It is customary, of course, at this time to reflect on the year that is nearly over, and to set some goals for the year approaching. Idon’t have my website established as yet so thought I would publish this blog on LinkedIn – my ponderings of the year past and the one that looms.
2014 has been eventful. Anything but average. Selling up and moving to the centre of Melbourne from Shellharbour NSW; starting my own consulting business after 17 years at Twyfords, and an amazing time in northern Italy (this included delivering a course to some fabulous community engagement practitioners in Florence – that’s a photo of the session in progress with a beautiful fresco on the far wall).
For me most of that happened between September and November. I don’t recommend doing three things of this magnitude all at the same time. I actually think I was in shock for several weeks when I first arrived in Melbourne. It was during this time that I was working on some fairly challenging projects, and despite not feeling at my best the outcomes from those projects were really pleasing. Which led me to reflect on some of the best work I have done as a consultant – that my best work is often done when I am feeling, sort of, average.
Those of us who like to think of ourselves as high-performing are often very self critical, and we are inclined to push ourselves. Sometimes that can get in the way of doing what we are naturally good at, being very present, and allowing other people to step up, and to shine. Upon doing some research I can across David Burns, the author of ‘Feeling Good’, and he has written very persuasively about this phenomenon.
Burns says ‘… we need to understand the role of fear in perfectionism: “If I don’t perfectly [fill in the blank] something terrible will happen.” Often perfectionists are so used to this anxiety that they no longer even consciously recognize it; it’s just the fuel that keeps them working, working, working and honing, honing, honing.” Great point! Just imagine how good we could be if we simply aimed at ‘average’! How much time we could create for ourselves pursuing other interests. How much more energy I would have to focus on assisting others (in my case, helping individuals and organisations to collaborate more effectively)!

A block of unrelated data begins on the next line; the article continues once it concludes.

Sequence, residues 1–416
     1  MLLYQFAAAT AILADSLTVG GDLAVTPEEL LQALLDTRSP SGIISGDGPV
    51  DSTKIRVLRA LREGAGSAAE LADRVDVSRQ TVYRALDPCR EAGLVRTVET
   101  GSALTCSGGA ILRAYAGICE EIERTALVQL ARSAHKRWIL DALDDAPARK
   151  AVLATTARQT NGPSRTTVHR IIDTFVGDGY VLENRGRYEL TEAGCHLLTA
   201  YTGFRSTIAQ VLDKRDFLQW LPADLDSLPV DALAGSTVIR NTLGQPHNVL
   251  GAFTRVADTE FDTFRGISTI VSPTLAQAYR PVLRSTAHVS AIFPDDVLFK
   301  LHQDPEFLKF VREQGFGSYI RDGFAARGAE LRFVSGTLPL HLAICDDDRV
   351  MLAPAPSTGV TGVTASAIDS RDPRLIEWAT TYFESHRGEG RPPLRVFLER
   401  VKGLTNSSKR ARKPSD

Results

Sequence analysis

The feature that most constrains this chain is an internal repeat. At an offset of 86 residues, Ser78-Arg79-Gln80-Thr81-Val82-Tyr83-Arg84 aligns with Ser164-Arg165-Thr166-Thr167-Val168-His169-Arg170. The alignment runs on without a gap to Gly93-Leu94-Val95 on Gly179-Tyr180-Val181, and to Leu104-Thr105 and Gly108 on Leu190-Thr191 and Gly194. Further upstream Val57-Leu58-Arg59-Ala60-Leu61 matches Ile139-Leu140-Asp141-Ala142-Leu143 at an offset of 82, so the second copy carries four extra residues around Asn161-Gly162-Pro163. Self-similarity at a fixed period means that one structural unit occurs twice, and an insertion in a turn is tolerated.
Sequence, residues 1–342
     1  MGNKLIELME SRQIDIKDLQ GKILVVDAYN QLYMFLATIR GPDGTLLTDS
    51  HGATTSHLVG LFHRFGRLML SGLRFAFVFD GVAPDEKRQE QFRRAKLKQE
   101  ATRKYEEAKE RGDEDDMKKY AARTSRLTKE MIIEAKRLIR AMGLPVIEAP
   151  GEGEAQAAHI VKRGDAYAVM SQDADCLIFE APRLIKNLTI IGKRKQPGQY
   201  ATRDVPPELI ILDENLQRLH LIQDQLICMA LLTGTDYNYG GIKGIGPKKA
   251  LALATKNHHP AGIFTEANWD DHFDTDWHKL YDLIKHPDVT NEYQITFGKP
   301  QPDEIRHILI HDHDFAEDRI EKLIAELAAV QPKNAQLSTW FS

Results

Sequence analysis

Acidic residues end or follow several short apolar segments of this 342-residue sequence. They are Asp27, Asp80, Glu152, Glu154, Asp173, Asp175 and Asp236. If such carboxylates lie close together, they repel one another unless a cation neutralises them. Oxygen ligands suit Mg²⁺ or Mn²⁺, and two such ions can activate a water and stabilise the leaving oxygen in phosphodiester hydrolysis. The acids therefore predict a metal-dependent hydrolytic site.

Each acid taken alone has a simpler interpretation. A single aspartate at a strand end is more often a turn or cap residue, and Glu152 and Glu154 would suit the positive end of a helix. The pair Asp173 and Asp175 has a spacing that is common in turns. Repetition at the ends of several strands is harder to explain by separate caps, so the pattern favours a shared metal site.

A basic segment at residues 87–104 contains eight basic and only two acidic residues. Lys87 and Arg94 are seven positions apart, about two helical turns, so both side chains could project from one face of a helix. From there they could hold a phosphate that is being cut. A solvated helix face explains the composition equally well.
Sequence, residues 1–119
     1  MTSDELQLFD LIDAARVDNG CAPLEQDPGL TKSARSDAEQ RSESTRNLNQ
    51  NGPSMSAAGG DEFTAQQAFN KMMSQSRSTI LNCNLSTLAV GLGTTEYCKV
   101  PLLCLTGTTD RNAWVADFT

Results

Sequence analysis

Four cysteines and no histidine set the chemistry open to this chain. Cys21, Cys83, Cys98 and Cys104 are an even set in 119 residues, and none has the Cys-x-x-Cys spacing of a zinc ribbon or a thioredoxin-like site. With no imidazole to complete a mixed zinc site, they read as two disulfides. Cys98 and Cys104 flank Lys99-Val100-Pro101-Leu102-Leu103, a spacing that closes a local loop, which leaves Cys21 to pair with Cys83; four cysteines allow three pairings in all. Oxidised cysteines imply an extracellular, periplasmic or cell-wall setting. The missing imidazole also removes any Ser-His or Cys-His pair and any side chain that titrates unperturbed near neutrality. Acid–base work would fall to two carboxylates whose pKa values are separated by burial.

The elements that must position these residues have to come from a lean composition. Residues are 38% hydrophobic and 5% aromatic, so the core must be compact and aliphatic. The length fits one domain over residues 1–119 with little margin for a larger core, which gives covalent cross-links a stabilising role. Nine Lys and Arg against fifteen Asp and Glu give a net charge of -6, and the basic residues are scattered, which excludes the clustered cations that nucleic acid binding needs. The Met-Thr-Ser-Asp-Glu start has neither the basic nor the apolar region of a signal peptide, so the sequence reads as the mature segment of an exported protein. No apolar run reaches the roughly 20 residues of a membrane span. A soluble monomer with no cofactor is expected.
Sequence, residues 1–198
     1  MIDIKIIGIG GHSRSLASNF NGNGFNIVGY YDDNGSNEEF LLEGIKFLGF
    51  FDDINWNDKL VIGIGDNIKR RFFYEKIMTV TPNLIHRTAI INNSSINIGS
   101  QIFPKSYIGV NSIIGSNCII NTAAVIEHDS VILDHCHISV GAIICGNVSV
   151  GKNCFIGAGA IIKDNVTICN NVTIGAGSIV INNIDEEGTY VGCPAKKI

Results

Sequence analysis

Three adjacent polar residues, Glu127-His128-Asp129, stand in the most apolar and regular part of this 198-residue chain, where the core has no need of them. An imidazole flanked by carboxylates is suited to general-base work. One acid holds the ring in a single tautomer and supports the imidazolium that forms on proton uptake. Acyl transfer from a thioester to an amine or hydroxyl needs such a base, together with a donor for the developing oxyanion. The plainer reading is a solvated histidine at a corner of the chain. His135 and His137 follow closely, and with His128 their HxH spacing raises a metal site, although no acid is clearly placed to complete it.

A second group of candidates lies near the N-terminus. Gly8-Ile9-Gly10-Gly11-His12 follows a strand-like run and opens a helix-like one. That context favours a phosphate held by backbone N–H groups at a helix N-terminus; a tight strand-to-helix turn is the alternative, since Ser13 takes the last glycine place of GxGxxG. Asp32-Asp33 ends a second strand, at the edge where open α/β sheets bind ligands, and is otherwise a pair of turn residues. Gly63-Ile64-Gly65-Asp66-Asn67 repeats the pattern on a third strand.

The paradox is, of course, that as we just aim for average we are probably going to be more excellent. For those who work with a high level of complexity, being average is even more important. Dave Snowden, creator of the Cynefin framework for complexity, talks about doing ‘safe to fail’ experiments when in the complex domain, because there is no roadmap for success. Best-practice, even good-practice, does not really apply because no-one knows what is going to work. We need to try things, different approaches, then amplify what is working and dampen what is not.
This kind of experimenting is difficult for the perfectionist – for the experts that need to get things right the first time, and to be seen as getting it right. The mindset for experimenting is to attempt things, and to learn rapidly. It is easier to try things when it is ok to fail, provided we are generating some learning. It is also great for procrastinators, and I certainly can be. If we put things off because we believe we are not quite is the zone for a particular task, then we keep putting it off, making it harder and harder to attend to.
So for 2015, I aim to be more average. To try less hard. To relax a bit more and believe that I am plenty good enough to be useful to others – even when average. Somehow, I expect I will accomplish more, enjoy the year even more than 2014, and try some things I might have never before attempted. I think being average won’t be easy, and I must try not to be average perfectly! Yep – that could be a trap.
Now that I have figured that out I can enjoy the festive season and new year’s celebrations knowing that I have a focus and intent for 2015.
What about you?